As you may have read in part 1 of this saga – I recently came into cabbage and a stoneware crock in which to place the cabbage for fermentation.
I grew up in Duluth, Minnesota and spent every summer of my pre-adolescent childhood at my grandparent's house located on Skyline drive. Not only did they have an amazing panoramic view of Lake Superior, they had roughly an acre of gardens. An acre of gardens – in a city! To give you perspective here is a photo of Duluth from the view of the little house I rented for a brief stint living there again in my late 20's.
My grandparents were higher up on the hill and had less trees and houses in the way of the same view. Here is a photo of the community garden in front of my former little house.
Now imagine this garden times six in size and you have the amount of land that my grandparents farmed on Skyline Parkway.
On this large urban farm (before we called it urban farming) my grandmother had a cabbage patch, a carrot patch, a bean patch, a tomato patch, an asparagus patch, a cucumber patch, a potato patch, a beet patch, a dill patch among many others. Every year they grew a bounty of vegetables that fed us and the extended family (along with the venison brought in by the men folk every winter). In the fall everything that could not keep was pickled – from cucumbers to tomatos. There was also, of course, massive amounts of sauerkraut.
My grandmother had three stoneware crocks larger than my recent roadside stand purchase (above). All three of the crocks came roughly waste high on a short 8-year-old. And all three of the crocks had a batch of sauerkraut underway at various times of the summer and fall. Interestingly enough, the crocks lived in the sunroom of the Skyline House – which made the room have a very strong, perhaps extremly stinky odor, during sauerkraut season. Despite the stink, the picture of that room in my mind is a storehouse of childhood memory I treasure and apparently draw upon for many poems.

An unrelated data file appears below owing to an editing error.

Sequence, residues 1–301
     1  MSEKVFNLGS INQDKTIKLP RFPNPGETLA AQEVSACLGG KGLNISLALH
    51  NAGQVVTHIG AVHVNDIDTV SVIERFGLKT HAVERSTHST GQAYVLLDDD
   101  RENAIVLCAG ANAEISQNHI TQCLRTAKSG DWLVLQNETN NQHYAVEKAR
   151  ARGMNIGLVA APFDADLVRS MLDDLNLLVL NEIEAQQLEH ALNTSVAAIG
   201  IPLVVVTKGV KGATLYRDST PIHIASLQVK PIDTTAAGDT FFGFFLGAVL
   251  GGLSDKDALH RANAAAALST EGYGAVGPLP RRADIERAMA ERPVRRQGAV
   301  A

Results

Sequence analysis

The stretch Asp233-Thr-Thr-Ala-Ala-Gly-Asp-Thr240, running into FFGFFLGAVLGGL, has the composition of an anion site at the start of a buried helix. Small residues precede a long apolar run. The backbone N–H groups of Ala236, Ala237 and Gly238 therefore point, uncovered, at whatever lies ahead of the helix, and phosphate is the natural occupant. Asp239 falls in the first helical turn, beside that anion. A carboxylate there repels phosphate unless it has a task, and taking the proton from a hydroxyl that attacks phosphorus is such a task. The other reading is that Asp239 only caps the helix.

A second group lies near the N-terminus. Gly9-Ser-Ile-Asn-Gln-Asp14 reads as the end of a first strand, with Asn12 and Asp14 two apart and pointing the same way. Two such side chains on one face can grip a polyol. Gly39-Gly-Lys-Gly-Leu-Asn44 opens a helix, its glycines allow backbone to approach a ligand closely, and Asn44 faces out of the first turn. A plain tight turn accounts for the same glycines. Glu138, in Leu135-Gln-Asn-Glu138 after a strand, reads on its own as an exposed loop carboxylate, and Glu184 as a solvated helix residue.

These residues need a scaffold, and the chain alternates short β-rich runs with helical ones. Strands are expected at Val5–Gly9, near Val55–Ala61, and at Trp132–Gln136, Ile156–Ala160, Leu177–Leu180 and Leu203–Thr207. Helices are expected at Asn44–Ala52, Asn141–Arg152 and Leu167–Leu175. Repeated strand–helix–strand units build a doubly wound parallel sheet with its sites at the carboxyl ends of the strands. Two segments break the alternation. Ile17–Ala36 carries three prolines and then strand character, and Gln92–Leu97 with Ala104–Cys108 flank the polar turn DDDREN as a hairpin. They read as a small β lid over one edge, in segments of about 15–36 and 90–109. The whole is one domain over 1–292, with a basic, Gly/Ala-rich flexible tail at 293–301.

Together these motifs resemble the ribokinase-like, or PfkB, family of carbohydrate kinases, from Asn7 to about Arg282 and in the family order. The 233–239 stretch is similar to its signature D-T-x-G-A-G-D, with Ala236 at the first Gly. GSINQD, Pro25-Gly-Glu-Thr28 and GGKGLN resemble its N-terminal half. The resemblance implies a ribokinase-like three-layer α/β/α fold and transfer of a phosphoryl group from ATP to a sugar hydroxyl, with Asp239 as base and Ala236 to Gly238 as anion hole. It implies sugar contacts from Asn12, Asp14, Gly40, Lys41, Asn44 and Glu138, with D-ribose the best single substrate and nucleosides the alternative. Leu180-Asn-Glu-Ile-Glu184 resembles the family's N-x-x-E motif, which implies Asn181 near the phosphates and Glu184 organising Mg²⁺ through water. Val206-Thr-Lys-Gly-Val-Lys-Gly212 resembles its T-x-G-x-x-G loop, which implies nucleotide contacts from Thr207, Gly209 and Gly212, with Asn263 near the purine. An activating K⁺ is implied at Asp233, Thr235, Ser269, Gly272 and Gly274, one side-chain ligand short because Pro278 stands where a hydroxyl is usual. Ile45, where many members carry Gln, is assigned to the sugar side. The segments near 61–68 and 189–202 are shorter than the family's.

So after my kimchi warm-up I was finally ready to attempt sauerkraut. Full on fermentation. I had multiple cabbages both purple and white (the napa all eaten earlier in the season) so I chose a fine white cabbage of roughly 5 lbs of density.
I again consulted Ms. Ziedrich's The Joy of Pickling and this time followed to the letter her recipe.
Sauerkraut with Juniper Berries
from The Joy of Pickling by Linda Ziedrich
5 lbs of shredded cabbage.
3 Tbsp of salt
1 Tbsp of juniper berries
Mix the cabbage salt and juniper berries together inside the crock.
Next pack the cabbage using your hands or a potato masher. Upon the packing of the cabbage it should begin to create liquid (brine). Weight the cabbage to ensure that it is protected by its brine.
At this point in time during my adventure I realized that I needed bigger stones and smaller plates for my sauerkraut weights. I improvised with a medium plate a big can of tomatoes and another plate. Then covered my crock with a towel.
To get to sauerkraut the cabbage and salt must live together for roughly two weeks in a semi-cool location. Fermentation began in my kitchen nook and upon a lovely stink emanating from the crock moved to my back porch. After two weeks I had some lovely tasting, albeit horribly smelling sauerkraut. Here is a shot of the partially eaten jar.
Am I now truly an urban farmer? The sauerkraut rite of passage attempted and resulting in successful sausage accompaniment definitely resulted in a little more internal cred for myself – but I still cannot shake the awe of the work my grandparents put into food production and preservation on their urban farm on Skyline Parkway before anyone was writing books about eating your yard.